The effects of rapidly expanding primary school access on effective learning: The case of Southern and Eastern Africa since 2000

Stellenbosch Working Paper Series No. WP01/2013
 
Publication date: 2013
 
Author(s):
[protected email address] (Department of Basic Education)
[protected email address] (Department of Economics, University of Stellenbosch)
 
Abstract:

Have recent expansions of access to primary schooling in African countries led to deterioration in the quality of education delivered? This paper helps clarify this question by presenting an appropriate conceptual framework: instead of considering country average test scores and enrolment rates in isolation, we argue that the important outcome of interest is the proportion of children in an age-specific population that reach particular levels of literacy and numeracy. In order to measure this outcome we combine school achievement data with enrolment data for a selection of 14 Southern and Eastern African education systems. Using this preferred measure, we examine the performance of these education systems between 2000 and 2007, many of which considerably increased access to primary schooling in this period. The commonly held perception of an access-quality trade-off in Africa has far less empirical support than was previously believed to be the case.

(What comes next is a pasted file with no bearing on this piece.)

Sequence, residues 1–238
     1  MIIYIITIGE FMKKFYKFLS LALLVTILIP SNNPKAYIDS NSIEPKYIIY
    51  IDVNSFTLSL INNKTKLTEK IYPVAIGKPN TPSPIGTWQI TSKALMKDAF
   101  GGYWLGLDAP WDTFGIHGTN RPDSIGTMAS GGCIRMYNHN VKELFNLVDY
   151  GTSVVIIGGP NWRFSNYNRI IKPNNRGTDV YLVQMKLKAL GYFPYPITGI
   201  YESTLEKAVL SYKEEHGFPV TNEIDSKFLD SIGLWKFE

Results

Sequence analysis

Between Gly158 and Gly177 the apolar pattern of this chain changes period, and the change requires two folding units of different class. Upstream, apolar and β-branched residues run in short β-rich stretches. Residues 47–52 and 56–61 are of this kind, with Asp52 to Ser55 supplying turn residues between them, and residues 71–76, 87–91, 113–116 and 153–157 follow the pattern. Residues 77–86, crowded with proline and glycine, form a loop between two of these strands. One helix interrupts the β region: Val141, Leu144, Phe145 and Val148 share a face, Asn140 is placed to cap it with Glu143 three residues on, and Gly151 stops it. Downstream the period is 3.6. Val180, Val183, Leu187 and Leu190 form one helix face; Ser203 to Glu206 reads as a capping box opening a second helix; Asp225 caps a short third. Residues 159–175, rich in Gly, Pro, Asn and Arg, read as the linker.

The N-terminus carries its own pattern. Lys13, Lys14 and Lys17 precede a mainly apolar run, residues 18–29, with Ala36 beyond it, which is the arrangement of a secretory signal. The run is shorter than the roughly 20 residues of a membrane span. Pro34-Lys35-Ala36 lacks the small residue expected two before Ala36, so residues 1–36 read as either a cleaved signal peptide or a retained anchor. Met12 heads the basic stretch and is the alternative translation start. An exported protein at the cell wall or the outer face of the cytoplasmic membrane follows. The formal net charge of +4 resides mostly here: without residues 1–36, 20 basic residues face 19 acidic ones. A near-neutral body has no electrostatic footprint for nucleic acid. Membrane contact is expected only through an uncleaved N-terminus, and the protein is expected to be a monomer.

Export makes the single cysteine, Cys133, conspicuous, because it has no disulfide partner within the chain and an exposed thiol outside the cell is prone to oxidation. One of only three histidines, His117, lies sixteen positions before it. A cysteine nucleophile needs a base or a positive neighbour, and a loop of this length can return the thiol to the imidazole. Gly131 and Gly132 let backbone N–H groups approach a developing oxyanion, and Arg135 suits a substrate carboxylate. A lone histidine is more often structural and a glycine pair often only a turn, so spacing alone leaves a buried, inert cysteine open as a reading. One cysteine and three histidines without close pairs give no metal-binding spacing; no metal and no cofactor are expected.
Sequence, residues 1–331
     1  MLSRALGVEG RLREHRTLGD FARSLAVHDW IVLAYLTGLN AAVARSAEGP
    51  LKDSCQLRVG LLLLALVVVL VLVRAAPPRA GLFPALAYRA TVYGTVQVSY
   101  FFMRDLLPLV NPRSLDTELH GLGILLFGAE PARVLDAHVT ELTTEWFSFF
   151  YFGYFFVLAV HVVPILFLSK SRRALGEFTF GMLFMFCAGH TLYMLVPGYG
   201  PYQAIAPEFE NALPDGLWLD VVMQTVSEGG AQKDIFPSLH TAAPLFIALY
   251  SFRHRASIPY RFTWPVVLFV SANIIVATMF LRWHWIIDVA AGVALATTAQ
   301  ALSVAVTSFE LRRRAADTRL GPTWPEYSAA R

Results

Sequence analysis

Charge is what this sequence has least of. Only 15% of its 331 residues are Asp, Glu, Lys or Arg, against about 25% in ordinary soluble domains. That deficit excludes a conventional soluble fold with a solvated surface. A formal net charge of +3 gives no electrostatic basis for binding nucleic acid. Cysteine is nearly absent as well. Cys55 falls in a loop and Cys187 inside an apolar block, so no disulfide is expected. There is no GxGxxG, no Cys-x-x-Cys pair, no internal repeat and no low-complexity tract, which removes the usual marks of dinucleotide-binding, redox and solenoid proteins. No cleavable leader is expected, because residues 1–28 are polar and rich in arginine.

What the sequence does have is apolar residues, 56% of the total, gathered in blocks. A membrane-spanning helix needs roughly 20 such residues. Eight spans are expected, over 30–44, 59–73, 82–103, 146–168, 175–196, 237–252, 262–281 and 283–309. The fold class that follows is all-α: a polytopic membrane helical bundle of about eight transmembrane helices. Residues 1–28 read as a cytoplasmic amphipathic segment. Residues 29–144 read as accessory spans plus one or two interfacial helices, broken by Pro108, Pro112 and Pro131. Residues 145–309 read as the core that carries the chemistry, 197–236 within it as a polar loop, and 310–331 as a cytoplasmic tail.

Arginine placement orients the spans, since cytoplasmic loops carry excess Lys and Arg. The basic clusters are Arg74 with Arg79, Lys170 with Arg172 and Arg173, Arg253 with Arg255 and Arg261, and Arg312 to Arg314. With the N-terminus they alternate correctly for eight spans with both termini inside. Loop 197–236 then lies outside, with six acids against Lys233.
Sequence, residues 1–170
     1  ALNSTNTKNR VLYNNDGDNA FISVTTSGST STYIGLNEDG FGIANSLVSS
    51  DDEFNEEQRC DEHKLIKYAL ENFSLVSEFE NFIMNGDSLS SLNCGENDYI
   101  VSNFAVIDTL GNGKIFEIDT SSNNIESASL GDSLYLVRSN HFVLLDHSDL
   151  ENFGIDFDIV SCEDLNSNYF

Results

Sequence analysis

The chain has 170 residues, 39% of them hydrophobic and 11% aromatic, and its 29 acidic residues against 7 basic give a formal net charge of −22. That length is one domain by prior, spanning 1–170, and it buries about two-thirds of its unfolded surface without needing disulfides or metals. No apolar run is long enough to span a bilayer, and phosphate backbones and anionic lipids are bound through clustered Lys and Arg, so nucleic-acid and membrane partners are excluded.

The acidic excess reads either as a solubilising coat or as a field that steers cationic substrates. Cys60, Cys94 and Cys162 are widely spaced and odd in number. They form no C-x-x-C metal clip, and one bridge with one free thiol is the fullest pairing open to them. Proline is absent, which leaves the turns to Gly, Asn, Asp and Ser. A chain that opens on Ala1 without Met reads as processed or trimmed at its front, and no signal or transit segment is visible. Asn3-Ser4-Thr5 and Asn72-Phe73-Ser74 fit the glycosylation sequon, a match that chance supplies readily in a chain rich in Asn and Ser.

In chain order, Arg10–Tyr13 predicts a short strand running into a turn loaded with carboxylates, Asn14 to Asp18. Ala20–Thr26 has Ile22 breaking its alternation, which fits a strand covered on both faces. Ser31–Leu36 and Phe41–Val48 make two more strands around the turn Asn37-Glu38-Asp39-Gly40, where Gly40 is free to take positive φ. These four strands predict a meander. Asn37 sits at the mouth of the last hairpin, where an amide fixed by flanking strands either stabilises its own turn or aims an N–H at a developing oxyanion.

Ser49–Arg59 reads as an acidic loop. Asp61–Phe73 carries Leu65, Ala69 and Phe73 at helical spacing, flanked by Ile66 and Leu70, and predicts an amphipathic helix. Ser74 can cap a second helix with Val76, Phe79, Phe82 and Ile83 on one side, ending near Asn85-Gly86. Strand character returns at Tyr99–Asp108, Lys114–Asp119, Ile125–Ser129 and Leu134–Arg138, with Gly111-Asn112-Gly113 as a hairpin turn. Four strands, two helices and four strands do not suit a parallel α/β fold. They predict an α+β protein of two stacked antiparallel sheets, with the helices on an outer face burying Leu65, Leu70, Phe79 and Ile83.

JEL Classification:

I21, I25, I28, O15

Keywords:

Enrolment, School quality, Human capital, Southern and East Africa, SACMEQ, Education Statistics

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BER Weekly

22 May 2017
The domestic section focuses on the trade sector this week. Both real retail and wholesale sales improved on a monthly basis in March. Concerning the first quarter, these improvements were not enough to offset notable contractions in the first two months of 2017. Internationally, the focus falls on the Eurozone (EZ) where consumer confidence edged up...

Read the full issue